Officially Formed in 1890

North Sunderland FC was formed officially in 1890 but a village team played football for many years before this, albeit in an irregular and unorganised way. After several meetings in the spring and summer of this year the club was formed and has been in existence, with the exception of the war years, ever since. Among the founder members were Fred Sanderson, Jimmy Cuthbertson and Rod McKenzie. The McKenzie family involvement continued uninterrupted until the death, in 1976, of Rod McKenzie Jnr. The McKenzie family’s strong links with Newcastle United were in the main due to the club playing in black and white stripes. All games were friendlies until the North Northumberland League was formed in 1896 of which the club was a founding member.

The North Sunderland railway had a great bearing on the high quality of opponents as teams would travel from Tyneside to play. Two of the more notable teams were Gosforth Albion and Tynemouth Ashleigh. A report in the local paper from the match against NER from Forth Station Newcastle on Easter Saturday 1896 stated “Both sides were strong and the character of play was directly the opposite of that seen in the previous fixture. Of pushing, tripping and holding there was none, each team showing a cleverness in combination that fairly delighted the considerable crowd of onlookers”.

In the late 1930’s the club was suspended for several years by the FA for fielding players who had played “illegal football on The Stanks at Berwick”. During this period the club played in the border amateur league. After the war the FA reinstated the club whereby they played in the Bamburghshire League. This league consisted of village teams from Craster to the south and Scremerston to the north. The club was reinstated to the NNL in 1940 and has remained a member ever since.

The club has on several sites over the early years. They initially played on the field behind the original golf club house. On other occasions they played behind King Street and also on land at Annstead farm. A possibly little known fact is that the first turf to be laid for NUFC at St James Park after the amalgamation of the East and West end clubs was cut from land at the little burn between Seahouses and Beadnell.

The players were drawn initially from the fishing fraternity but with the steady decline of the industry the team now consists of players from a wider radius. Over the years more notable performers were Jack Shiel who played for NUFC and Huddersfield Town before the war and more recently Stuart Romaines who played for Berwick Rangers, Falkirk and Raith Rovers.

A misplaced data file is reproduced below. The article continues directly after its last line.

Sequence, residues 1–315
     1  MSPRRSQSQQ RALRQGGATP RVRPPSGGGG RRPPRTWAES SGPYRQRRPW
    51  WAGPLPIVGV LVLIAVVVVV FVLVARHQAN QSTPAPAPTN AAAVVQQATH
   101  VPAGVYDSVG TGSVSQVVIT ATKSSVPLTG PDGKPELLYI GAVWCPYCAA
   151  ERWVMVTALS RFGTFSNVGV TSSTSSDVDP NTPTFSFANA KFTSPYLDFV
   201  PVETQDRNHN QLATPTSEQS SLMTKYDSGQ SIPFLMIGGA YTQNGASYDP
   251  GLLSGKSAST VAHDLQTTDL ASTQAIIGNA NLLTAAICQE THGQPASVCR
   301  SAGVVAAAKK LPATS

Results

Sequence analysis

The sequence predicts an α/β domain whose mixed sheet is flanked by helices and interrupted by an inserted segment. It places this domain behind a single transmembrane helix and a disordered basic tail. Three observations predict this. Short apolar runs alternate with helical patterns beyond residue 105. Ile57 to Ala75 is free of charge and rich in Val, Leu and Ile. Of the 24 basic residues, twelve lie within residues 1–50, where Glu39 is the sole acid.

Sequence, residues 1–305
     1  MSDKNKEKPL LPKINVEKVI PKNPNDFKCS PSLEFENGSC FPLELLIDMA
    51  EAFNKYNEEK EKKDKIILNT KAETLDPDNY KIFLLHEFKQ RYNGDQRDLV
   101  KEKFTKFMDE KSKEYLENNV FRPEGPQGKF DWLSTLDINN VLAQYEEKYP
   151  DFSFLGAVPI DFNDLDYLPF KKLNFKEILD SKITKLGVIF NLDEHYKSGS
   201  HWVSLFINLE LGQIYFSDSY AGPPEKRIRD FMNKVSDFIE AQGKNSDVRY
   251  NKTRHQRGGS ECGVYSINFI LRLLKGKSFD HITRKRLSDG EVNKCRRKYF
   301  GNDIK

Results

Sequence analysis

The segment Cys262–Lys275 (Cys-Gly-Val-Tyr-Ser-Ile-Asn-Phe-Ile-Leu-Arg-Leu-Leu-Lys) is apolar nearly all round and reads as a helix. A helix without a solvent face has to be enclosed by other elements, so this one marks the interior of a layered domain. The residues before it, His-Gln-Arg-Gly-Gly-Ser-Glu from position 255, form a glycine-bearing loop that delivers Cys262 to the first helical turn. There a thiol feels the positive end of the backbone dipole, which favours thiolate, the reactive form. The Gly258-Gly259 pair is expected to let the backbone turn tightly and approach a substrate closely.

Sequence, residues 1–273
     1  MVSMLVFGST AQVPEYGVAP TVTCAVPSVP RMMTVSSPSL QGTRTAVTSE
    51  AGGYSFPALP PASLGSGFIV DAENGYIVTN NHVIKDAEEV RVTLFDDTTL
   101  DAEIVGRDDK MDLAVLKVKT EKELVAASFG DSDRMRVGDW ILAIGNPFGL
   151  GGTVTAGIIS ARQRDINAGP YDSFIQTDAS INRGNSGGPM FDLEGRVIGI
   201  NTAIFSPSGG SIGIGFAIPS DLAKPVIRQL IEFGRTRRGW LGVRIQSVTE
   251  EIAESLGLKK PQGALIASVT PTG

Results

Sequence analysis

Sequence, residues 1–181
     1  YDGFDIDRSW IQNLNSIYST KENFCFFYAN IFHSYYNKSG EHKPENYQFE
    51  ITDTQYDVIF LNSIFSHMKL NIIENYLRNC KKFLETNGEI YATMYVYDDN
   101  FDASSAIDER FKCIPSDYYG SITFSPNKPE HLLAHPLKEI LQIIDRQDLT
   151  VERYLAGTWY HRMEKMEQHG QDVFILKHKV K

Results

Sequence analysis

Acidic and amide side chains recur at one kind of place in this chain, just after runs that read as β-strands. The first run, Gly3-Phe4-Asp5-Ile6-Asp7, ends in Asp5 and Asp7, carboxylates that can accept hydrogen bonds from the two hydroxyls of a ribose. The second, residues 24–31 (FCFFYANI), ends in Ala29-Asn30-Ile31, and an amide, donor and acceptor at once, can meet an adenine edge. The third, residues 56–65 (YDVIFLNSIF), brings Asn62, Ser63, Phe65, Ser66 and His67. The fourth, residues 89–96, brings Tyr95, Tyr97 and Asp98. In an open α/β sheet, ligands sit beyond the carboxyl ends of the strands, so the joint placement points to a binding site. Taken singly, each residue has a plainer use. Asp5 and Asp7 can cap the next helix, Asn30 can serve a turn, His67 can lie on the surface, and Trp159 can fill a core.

One of the many stalwarts associated with the club was Wattie Anderson. He served as player, Chairman and committee member for well over 50 years. The other notable servant was Brian Felton. Had it not been for his single handed running of the club for many years it is fair to say that it would most definitely have folded.

There are many amusing anecdotes attributed to the club over the years but possibly the most intriguing was during the final of the Alnwick Infirmary Cup played at Alnwick. In those early days communications were primitive compared to today. Craster scored first and their supporters, in their eagerness to relay the news back to Craster released a homing pigeon specifically brought to the match for such an occasion. News of Craster’s intentions had been leaked to North Sunderland. The unfortunate pigeon never cleared the football ground. It descended onto the pitch in a cloud of feathers after a gunshot was heard. North Sunderland supporters denied any involvement in the issue but suspicions, and animosity, remained between the two clubs for many years. To this day matches against Craster are still “a but tasty”

The club has continued to evolve over the years and after playing on a variety of venues, including the school field, we now play on a new purpose built facility at Seafield Sports Park. There is the main pitch and a floodlit training pitch. The training facilities are used by a number of differing age groups, both male and female. The facility also has dedicated changing rooms and from the start of this season, refreshment facilities. A huge vote of appreciation for this achievement has to go to Ken Britton at The Seafield Caravan Park. Without his dedication this project would never have happened.

“North Sunderland Football Club continues to thrive and with the dedication of the manager, coaches and players will continue to do so for many years to come”